KABUL (Reuters) - The Islamic State (IS) militant group claimed responsibility on Sunday for a suicide blast at a wedding reception in Afghanistan that killed 63 people, underlining the dangers the country faces even if the Taliban agrees a pact with the United States.

The Saturday night attack came as the Taliban and the United States try to negotiate an agreement on the withdrawal of U.S. forces in exchange for a Taliban commitment on security and peace talks with Afghanistan's U.S.-backed government.

Islamic State fighters, who first appeared in Afghanistan in 2014 and have since made inroads in the east and north, are not involved in the talks. They are battling government and U.S.-led international forces and the Taliban.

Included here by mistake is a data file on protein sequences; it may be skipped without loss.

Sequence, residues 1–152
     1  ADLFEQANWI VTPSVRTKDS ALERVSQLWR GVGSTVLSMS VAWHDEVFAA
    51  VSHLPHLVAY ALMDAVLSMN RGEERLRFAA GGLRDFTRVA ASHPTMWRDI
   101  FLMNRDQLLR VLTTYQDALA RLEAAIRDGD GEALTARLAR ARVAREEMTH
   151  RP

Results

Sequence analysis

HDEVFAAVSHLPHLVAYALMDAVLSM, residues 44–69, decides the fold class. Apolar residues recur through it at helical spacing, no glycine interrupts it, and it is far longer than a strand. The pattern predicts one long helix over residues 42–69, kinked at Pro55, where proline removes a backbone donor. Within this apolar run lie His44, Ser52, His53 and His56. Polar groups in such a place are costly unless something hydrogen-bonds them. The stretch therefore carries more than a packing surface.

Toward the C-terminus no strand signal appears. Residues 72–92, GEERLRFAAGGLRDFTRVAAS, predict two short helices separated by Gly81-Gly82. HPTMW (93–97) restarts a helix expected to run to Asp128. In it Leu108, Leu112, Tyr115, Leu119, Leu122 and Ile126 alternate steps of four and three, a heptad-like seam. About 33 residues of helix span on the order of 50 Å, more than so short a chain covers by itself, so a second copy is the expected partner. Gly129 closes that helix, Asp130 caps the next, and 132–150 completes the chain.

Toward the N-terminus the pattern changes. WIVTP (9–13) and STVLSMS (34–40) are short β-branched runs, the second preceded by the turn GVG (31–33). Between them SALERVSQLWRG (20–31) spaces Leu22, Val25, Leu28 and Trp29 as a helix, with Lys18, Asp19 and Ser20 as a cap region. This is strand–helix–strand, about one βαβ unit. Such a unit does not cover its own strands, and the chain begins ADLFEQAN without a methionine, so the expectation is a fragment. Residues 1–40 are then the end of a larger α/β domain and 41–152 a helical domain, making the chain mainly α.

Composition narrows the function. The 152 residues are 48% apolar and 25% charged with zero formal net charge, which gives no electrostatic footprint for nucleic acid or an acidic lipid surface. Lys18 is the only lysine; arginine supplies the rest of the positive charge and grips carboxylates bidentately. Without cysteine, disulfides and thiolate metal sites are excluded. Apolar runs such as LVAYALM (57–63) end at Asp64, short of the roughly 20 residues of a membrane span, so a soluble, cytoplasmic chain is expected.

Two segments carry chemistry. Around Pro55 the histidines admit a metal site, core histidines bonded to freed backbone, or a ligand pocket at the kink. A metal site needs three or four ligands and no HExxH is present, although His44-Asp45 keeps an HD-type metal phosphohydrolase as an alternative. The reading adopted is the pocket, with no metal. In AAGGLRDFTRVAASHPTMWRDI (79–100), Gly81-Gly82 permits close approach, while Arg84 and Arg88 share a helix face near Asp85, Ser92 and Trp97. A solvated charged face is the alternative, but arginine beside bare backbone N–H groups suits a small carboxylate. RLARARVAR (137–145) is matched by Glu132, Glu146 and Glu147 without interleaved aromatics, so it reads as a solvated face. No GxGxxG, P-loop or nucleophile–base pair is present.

The group, in a statement on the messaging website Telegram, claimed responsibility for the attack at a west Kabul wedding hall in a minority Shi'ite neighborhood, saying its bomber had been able to infiltrate the reception and detonate his explosives in the crowd of "infidels".

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KABUL (Reuters) - U.S. and Taliban officials decided on Saturday to put their ongoing peace talks on hold for two days to allow for a meeting between rival Afghan groups to be held in Qatar, a Taliban official said.

The warring sides started a seventh round of peace talks last week, aiming to hammer out a schedule for the withdrawal of foreign troops in exchange for Taliban guarantees that international militant groups will not use Afghanistan as a base for launching attacks.

Agreement on the timetable has been elusive so far, but in a sign of progress the Taliban agreed on the sidelines of the peace talks to hold separate discussions with a group of Afghan delegates.

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